I've never celebrated the Biblical feasts, and I almost didn't do it this year. Although it was a part of our homeschool curriculum, I almost sold it a month ago in order to go in a different direction. The Biblical feasts looked like a bit much, and the thought of doing something easier and "more fun" was so much more appealing.
But I knew I needed to.
After praying for direction and guidance, I knew I needed to move forward on the path that we were on. Deep down, I knew that this was important.
We began with Shabbat one Friday evening in the spring. Shabbat is the holy day of rest that God commanded to His people. It is a day that was to be set apart for worship, fellowship, and remembrance. It is a gentle and quiet day where His people recall how He created the heavens and the earth in six days, resting on the seventh.
We had just started My Father's World: Creation to the Greeks when we began to learn about Shabbat. I read Celebrating Biblical Feasts (CBF) and loved the New Testament significance of it all-- this time to put things in order and put God first in our lives.
That evening, we prepared a challah, feast, and grape juice and participated in the blessings and prayers of remembrance. It was such a sweet time for my family, and the next day we enjoyed the rest and simplicity of our day.
Rosh Hashanah and Yom Kippur
This Fall, we flipped back to the curriculum pages on Rosh Hashanah and Yom Kippur. Rosh Hashanah is more commonly known as The Feast of Trumpets, and it is a joyful time of celebration, marking a "spriritual new year, a special time set apart for a new beginning with the Lord. It celebrates the Birthday of the World."(CBF, pg. 127)
For Rosh Hashanah, we made shofars and blew them in celebration and praise (Psalm. 150:1-3). We prepared a round GF bread, "symbolic of our desire for a full and round year." We also prepared a feast of salmon and glazed carrots, green beans, and cucumber salad. We had grape juice and apples dipped in honey, symbolizing our hopes for a "sweet new year."
Each morning over the next ten days, we spoke the following words from Mishneh Torah in preparation for Yom Kippur.
"Awake, you that are sleepy and ponder your deeds: remember your Creator and go to Him for forgiveness. Don't be like those who miss reality in their hunt after shadows, and waste your years in seeking after vain things which can neither profit nor deliver. Look well to your souls and consider your deeds; let each one of you forsake his evil ways and thoughts, and return unto the Lord, so that He may have mercy on you."
We also blew our horns during that time, and read the ten reasons for blowing the shofar from CBF, one each day. These days were a time of reflection and repentance. It was a time to examine our hearts and align ourselves with God. And it was a reminder of the sound we all will hear one day when Christ comes back for His church.
The Feast of Tabernacles
Last week, we prepared a sukkah or booth for the Feast of Tabernacles. My husband set up our canopy, and the girls made banners of worship and the sweetest of centerpieces. The sukkah is a shaky and temporary structure that reminds us of the permanent home we will share with Christ one day.
There were three feasts that the Lord commanded to the children of Israel: Passover, Shavuoth, and Sukkoth, or the Feast of Tabernacles. This feast took place after the great harvest and served as a time of thanksgiving and praise unto God. It begins five days after Yom Kippur and lasts for a week.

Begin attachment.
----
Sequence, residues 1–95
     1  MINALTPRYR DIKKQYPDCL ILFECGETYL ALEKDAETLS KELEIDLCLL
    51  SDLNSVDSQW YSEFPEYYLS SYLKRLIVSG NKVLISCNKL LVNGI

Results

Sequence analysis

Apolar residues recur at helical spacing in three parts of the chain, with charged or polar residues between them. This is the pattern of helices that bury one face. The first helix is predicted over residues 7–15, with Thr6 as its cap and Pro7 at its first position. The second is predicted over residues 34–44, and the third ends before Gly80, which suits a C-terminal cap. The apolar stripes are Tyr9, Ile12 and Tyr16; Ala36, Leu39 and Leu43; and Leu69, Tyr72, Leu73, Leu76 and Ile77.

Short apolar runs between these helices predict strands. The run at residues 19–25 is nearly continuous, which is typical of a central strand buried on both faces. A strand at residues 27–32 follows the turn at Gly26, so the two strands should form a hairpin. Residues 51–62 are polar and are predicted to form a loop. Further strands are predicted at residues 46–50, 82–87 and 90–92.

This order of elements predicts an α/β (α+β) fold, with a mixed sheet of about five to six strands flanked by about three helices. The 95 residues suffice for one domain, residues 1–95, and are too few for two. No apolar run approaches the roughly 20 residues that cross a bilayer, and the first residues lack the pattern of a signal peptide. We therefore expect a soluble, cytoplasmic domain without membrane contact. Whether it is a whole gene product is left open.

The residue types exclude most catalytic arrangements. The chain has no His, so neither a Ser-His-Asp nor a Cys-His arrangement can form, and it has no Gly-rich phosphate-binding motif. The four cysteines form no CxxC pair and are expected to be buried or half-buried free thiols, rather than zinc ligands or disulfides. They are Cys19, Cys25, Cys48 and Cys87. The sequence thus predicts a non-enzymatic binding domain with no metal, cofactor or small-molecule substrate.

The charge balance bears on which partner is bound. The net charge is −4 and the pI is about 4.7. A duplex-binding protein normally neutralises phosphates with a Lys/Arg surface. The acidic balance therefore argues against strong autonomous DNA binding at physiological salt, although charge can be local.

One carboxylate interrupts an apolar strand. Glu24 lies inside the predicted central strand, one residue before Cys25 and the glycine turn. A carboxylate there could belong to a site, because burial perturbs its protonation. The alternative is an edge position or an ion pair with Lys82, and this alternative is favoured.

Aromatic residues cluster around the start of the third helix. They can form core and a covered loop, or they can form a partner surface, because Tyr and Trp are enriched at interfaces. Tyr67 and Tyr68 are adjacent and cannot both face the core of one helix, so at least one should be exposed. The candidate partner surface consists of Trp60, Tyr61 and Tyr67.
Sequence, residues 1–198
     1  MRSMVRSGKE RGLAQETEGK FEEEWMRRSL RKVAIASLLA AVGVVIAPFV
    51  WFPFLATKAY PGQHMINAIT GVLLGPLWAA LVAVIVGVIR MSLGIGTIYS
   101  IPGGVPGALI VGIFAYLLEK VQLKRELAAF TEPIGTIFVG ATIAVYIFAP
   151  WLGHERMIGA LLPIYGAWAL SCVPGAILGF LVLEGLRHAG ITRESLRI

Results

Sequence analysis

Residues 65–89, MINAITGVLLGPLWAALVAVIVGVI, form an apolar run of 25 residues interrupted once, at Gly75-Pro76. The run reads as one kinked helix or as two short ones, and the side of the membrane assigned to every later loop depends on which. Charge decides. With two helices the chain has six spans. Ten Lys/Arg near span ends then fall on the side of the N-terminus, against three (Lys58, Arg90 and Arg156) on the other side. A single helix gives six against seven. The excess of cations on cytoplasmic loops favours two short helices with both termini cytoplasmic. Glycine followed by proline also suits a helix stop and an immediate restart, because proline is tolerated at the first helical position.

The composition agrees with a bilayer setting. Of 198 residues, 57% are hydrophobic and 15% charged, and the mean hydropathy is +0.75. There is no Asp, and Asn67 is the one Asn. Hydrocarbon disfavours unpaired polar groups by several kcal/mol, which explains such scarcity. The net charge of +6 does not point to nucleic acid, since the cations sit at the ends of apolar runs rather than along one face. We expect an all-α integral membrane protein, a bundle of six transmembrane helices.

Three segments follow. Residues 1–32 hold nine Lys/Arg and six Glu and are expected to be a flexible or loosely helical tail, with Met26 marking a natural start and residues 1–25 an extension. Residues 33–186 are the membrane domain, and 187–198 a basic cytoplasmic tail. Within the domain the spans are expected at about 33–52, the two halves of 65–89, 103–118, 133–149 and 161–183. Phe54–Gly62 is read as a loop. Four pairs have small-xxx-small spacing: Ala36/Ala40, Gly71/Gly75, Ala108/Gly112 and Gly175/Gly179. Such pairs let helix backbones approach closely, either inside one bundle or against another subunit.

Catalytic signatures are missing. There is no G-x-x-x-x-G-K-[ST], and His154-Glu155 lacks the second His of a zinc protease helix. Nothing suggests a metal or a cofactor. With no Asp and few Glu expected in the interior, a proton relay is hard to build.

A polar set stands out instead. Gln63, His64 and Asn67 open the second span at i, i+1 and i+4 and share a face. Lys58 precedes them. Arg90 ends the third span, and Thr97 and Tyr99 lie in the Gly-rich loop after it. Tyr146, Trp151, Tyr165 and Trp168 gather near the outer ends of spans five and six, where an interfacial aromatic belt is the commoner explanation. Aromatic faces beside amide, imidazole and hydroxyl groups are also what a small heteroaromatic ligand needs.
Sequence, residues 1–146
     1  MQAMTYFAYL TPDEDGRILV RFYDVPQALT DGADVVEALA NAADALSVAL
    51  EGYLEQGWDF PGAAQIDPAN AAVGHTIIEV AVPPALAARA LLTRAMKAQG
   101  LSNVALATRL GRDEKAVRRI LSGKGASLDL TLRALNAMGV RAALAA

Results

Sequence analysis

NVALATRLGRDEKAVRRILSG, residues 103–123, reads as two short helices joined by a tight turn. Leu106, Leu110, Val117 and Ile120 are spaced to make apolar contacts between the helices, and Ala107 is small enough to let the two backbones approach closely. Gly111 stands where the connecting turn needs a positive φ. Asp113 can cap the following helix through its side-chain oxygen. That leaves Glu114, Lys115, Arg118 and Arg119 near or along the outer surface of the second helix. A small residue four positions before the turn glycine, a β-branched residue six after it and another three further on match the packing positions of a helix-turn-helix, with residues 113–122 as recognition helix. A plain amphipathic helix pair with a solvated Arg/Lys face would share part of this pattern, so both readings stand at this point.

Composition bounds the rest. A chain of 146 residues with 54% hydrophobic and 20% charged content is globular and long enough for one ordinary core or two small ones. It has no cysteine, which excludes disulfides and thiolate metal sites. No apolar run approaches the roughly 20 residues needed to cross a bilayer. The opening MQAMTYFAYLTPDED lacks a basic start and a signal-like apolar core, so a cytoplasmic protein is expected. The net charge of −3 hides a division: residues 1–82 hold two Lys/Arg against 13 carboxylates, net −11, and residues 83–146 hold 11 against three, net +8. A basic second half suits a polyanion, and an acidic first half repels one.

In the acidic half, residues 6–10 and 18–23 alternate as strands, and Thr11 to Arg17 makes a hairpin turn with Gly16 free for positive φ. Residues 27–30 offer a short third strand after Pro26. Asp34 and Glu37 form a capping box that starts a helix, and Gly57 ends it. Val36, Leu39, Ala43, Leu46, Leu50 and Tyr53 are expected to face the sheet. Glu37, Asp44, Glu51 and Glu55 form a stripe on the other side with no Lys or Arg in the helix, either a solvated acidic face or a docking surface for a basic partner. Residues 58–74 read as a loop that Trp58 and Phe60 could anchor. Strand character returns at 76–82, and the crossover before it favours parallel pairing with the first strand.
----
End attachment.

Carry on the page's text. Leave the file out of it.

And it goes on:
On that evening, we had family over, and as much as I had hoped for the perfect evening, everything that could have gone wrong with the preparation of the food did. The roasted chicken that I pulled out of the oven wasn't cooked all the way through. The potatoes were still hard, the challah came out flat, and my whole house filled with smoke as the pumpkin pie splattered oil in the oven.
I quickly cut up the chicken to saute it on the stove, and set the potatoes to cook for longer; and in the midst of dirty dishes and hungry children, I got quiet, really quiet.
I got still, and I prayed.
I prayed that The Lord would redeem this time of worship and fellowship. I prayed that the food I prepared would nourish my family and serve as a blessing unto everyone at our table. I prayed to keep my eyes on what was most important, and I basked in His presence.
He truly gives a peace that surpasses all understanding.
No, the candle that I lit didn’t burn as I’d hoped. And no, the challah didn’t suddenly become light and fluffy. I didn't have the "right" candles and probably didn't do all of the correct blessings or prayers in the right order.
But there was joy in the faces of those gathered in our home. There was laughter. There was celebration. And most importantly, there was God.
As I sat in our sukkah that evening, amidst the blowing sheets and flickering lights, I was able to see and reflect on why remembrance is so important. Over the past hundred years, there has been a deliberate attempt to forget. Our center has shifted toward achievement, distraction, and entertainment. Our focus has shifted from God to ourselves.
Our society has forgotten.
It has taken God out of our schools, out of our conversations, and out of our daily lives. We have become too busy—too busy to be still, to rest, to worship. We have become too busy for God.
Throughout this past week, we have spent our mornings reciting scriptures and focusing on the One, who holds it all together. We have kept our eyes on things above, looking at our true shelter and refuge, and the permanent home we will one day share with Him.
We have spent our week in remembrance.
On Friday evening, we will share our final feast together as a family, and soon after, our sukkah will come down. The sheets will be folded, the lights put away.
But this week will never be forgotten.